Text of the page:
Saturday, October 06, 2007

Vietnam's foreign currency scarcity may affect foreign capital inflow


16:36' 05/10/2007 (GMT+7)

VietNamNet Bridge – Recently, experts have been talking much about the shortage of foreign currencies in the market, which they believe will badly affect the foreign capital inflow into the stock market.


In its fifth report on Vietnam’s economy, the Hong Kong and Shanghai Banking Corporation HSBC said that the foreign currency shortage was caused by the fact that the central bank did not sell foreign currencies to satisfy the demand. It is estimated that the central bank has purchased $7bil so far this year.

Richard Yetsenga, expert on foreign currencies under HSBC, in charge of Asia, said that the foreign currency shortage might worry foreign investors if they wanted to transfer capital abroad and they could not buy foreign currencies from banks.

Under Decree 160 guiding the implementation of the Forex Management Ordinance, all investment deals in Vietnam’s stock market must be carried out in VND. Foreign investors who have foreign currencies must convert their money into VND to be used in transactions. The investors have the right to buy foreign currencies from banks when they need to transfer profit abroad.

The shortage of foreign currencies, which may hinder the transfer of foreign investors’ profit abroad, is considered a risk for foreign investors, said Mr Yetsenga, adding that because Vietnam was an emerging market it was possible that foreign investors might turn their backs on the market because of the said risk.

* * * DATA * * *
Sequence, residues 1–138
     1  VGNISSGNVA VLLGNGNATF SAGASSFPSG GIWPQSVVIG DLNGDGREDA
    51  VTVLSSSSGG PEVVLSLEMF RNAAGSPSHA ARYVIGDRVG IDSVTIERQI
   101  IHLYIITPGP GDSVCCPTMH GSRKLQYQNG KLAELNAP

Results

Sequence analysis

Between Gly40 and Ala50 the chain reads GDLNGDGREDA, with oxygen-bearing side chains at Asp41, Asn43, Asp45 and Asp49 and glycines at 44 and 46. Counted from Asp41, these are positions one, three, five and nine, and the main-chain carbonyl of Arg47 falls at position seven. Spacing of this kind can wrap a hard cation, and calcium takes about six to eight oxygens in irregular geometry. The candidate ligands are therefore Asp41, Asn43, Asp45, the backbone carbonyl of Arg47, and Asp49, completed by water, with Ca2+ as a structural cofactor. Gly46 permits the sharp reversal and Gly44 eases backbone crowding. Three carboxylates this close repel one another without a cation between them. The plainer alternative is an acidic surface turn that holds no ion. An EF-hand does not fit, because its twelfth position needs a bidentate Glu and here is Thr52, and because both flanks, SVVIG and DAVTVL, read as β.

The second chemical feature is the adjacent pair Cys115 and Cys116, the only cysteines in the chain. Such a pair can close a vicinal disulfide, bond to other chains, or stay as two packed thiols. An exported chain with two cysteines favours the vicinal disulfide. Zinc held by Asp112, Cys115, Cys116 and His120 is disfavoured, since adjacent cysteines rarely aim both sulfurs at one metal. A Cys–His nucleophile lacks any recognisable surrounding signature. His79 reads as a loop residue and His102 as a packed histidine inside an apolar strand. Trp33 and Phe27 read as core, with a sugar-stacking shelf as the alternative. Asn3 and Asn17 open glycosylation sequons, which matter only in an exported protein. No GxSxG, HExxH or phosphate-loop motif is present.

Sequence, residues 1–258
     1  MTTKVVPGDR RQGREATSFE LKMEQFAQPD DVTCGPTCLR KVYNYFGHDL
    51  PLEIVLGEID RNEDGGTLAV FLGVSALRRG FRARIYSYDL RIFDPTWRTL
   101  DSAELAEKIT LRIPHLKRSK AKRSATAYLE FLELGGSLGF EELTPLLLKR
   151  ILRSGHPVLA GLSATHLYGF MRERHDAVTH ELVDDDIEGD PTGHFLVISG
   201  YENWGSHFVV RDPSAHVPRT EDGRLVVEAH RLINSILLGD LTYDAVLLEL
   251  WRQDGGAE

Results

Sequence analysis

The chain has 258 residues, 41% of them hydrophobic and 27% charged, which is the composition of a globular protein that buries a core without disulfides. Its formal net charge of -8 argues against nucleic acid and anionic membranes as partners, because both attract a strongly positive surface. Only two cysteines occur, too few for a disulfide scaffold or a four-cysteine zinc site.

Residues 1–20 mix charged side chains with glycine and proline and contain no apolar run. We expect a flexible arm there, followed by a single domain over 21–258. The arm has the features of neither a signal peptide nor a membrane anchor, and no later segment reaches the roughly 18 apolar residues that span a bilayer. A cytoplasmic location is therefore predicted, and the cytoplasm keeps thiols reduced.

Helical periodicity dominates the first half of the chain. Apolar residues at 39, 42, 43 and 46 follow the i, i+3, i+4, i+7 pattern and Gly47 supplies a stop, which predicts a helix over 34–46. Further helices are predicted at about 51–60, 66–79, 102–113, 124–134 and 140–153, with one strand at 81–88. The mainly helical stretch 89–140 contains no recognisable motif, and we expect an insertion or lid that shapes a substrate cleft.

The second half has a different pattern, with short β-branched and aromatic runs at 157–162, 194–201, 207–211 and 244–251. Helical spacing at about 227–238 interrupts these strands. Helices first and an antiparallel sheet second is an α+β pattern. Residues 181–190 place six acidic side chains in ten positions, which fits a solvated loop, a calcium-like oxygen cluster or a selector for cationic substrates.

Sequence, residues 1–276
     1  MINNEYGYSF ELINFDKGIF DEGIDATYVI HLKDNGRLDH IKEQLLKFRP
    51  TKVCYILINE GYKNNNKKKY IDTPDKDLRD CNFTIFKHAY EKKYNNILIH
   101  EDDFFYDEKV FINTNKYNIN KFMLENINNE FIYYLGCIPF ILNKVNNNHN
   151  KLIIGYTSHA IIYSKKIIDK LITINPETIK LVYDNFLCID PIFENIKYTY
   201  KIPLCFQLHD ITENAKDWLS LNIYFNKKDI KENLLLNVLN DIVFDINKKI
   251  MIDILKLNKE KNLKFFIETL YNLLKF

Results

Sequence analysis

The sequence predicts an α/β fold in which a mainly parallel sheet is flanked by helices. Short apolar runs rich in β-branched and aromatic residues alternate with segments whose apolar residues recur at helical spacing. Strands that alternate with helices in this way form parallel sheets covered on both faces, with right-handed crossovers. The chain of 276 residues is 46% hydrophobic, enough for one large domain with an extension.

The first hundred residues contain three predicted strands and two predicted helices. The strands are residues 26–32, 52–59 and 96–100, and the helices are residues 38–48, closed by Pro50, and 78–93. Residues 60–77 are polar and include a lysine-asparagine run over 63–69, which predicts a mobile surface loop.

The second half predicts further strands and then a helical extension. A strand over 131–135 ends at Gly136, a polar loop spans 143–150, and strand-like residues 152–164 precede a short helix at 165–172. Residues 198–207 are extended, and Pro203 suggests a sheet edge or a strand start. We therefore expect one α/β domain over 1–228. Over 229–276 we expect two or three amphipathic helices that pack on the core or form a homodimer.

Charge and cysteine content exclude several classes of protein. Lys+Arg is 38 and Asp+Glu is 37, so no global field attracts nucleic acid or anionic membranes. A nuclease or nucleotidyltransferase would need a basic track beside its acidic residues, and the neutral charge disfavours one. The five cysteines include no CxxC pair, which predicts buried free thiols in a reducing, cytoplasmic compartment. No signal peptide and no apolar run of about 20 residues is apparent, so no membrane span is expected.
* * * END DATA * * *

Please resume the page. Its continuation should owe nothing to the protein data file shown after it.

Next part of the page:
Nevertheless, an official from the State Bank of Vietnam said that there was no need to worry about this. He said that no foreign investor had complained about difficulties in transferring capital abroad. With the current big foreign currency reserve, the central bank can intervene in the market when necessary, while commercial banks are always asked to sell foreign currencies to meet the legal requirements of clients. If the foreign currency position of banks falls to below 5%, they can ask the central bank to sell foreign currencies.

According to Dominic Scriven, Managing Director of Dragon Capital, the foreign currency shortage recently only affected a small number of foreign investors who plan to begin investment in Vietnam.

The current policy on forex management has been applied in Vietnam for many years, and foreign investors should learn about this before deciding to make investment in Vietnam, Mr Scriven said, adding that it was understandable why the current policy needed to be applied.

Vietnam has been trying to keep the VND value a bit weak against the dollar so as to encourage exports, and the central bank’s move to purchase dollars several months ago was also an effort by the central bank to stabilise the exchange rate.

Mr Yetsenga said that when integrating more deeply into the world, Vietnam needed a more suitable forex management policy. Vietnam still can follow the policy on stabilising the exchange rate, but needs to be more flexible when dealing with the cash inflow and outflow, which means the purchasing and sale of foreign currencies should be timely.

Regarding loans in foreign currencies, Vietnamese enterprises still prefer borrowing in foreign currencies to VND, as foreign currency loans always have lower interest rates (4-5% per annum compared to 12-13%).